German investor sentiment plateaus at near eight-year high
German analyst and investor sentiment unexpectedly cooled in January on slightly lower expectations for private consumption, but it remained near the highest level in nearly eight years.
The monthly ZEW think-tank survey, released on Tuesday, showed, however, that investors' assessment of current conditions rose more than expected. ZEW said this confirmed high expectations of recent months for Europe's largest economy.
It also jumped for the broader euro zone in the survey. ZEW's poll of economic sentiment slipped to 61.7 after jumping to 62.0 in December, sending the euro to a session low against the dollar. The consensus forecast in a
Reuters poll of analysts last week was for a rise to 64.0.
"The German sentiment reached a plateau, it is on a historically high level," said ZEW economist Marcus Kappler. Capital Economics analyst Jonathan Loynes said the fall in the headline indicator was a "bit of a surprise" but reversed
only a fraction of December's gain and "leaves the index still within a whisker of its highest level since April 2006".
Other recent sentiment indicators have been upbeat, with surveys showing business morale hitting its highest level since April 2012 and the mood among consumers at its strongest level in nearly 6-1/2 years.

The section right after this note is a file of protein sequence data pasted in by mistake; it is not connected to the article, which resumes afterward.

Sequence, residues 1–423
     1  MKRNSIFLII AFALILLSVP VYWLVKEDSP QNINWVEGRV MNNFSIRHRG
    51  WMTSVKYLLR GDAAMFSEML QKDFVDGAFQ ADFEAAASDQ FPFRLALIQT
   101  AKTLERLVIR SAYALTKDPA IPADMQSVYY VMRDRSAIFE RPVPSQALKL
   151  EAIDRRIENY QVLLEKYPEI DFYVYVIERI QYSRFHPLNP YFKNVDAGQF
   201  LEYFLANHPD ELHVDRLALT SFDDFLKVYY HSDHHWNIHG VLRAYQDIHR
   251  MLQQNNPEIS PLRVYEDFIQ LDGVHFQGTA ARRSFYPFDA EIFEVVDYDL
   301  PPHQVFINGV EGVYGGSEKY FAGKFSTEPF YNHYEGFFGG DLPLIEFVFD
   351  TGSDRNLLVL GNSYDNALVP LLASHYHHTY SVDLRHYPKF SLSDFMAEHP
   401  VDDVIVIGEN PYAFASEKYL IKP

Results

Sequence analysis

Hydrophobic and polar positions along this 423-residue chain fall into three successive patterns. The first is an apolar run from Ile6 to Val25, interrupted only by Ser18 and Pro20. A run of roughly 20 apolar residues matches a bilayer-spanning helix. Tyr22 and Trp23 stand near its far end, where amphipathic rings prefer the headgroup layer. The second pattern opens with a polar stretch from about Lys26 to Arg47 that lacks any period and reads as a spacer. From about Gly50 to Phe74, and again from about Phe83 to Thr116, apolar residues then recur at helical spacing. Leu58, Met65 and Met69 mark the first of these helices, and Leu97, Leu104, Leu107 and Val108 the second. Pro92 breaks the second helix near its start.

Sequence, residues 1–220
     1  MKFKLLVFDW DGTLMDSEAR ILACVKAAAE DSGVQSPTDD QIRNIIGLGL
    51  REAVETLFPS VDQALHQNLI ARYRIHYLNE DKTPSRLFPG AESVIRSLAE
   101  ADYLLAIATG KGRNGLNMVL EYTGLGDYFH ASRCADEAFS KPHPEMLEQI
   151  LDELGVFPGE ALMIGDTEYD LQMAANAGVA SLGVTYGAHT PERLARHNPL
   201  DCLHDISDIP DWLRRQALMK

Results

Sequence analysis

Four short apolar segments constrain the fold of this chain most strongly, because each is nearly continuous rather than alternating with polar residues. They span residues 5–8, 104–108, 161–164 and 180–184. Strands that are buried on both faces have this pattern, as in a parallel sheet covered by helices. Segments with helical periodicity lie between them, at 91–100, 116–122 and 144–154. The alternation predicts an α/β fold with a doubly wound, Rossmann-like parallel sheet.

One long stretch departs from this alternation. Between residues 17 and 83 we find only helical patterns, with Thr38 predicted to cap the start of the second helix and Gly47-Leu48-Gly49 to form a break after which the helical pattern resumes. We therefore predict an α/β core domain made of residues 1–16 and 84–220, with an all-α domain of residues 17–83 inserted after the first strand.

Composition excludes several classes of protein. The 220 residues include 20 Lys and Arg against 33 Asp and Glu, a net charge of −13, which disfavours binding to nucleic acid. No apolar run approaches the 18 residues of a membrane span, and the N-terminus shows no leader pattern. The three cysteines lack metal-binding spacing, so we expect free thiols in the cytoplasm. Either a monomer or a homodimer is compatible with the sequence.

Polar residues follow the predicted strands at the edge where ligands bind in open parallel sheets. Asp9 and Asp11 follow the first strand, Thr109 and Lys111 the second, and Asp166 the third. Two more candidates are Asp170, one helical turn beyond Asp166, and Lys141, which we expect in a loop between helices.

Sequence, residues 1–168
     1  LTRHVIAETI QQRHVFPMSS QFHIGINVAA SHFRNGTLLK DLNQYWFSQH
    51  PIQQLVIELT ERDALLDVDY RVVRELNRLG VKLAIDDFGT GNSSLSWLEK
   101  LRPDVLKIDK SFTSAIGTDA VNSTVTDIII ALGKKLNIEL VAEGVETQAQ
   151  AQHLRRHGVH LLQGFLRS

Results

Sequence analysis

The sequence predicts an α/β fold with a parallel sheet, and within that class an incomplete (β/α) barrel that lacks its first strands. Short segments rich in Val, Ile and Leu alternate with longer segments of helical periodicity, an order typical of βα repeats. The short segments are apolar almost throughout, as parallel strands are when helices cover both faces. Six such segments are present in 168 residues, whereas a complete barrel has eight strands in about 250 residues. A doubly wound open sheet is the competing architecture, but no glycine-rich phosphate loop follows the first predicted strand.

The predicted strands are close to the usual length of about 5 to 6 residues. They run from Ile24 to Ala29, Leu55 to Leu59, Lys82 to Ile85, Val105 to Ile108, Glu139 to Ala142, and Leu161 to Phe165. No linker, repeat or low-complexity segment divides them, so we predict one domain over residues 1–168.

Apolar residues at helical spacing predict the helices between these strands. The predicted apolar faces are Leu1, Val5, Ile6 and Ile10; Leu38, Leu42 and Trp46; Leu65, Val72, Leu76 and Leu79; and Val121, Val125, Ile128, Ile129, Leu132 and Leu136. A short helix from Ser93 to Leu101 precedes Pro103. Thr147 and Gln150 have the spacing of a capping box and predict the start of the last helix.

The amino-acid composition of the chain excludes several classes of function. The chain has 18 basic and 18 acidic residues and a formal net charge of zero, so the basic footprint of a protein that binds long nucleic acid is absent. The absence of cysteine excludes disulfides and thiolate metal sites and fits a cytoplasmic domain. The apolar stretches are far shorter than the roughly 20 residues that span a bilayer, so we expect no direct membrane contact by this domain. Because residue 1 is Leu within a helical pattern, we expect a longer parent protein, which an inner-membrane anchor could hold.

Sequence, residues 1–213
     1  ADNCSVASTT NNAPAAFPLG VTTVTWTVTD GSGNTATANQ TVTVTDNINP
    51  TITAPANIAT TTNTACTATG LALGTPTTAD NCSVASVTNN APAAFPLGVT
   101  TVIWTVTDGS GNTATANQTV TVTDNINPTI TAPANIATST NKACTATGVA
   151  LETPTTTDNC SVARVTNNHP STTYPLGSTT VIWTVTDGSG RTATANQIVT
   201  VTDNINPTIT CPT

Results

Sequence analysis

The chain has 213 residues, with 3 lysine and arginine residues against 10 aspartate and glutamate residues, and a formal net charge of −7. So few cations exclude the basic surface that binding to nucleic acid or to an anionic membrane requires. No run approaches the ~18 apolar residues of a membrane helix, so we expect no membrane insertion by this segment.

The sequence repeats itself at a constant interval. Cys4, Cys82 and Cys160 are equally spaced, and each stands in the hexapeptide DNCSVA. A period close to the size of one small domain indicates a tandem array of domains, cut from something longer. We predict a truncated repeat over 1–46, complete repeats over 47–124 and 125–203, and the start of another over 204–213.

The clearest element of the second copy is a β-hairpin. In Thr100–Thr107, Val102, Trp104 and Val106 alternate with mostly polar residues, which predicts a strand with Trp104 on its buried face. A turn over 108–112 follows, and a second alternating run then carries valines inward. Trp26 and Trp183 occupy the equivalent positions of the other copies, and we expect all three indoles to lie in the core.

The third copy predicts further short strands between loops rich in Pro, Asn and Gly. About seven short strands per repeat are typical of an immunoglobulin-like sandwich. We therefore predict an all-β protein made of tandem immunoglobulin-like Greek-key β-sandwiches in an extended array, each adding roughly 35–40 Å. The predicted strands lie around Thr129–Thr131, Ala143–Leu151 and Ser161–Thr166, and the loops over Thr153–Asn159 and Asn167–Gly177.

The German economy was a bastion of strength during the early years of the euro zone crisis, far outperforming its peers. But it slowed over the past two years as demand for German exports fell in the wake of a global slowdown and firms became nervous, deterring investment.
But hard data for the German economy has been positive of late. Industrial input and orders rose more than expected in November, while exports rose for the fourth month running and retail sales were up.
So economists now expect expansion of around 1.7pc in 2014 after 0.4pc in 2013.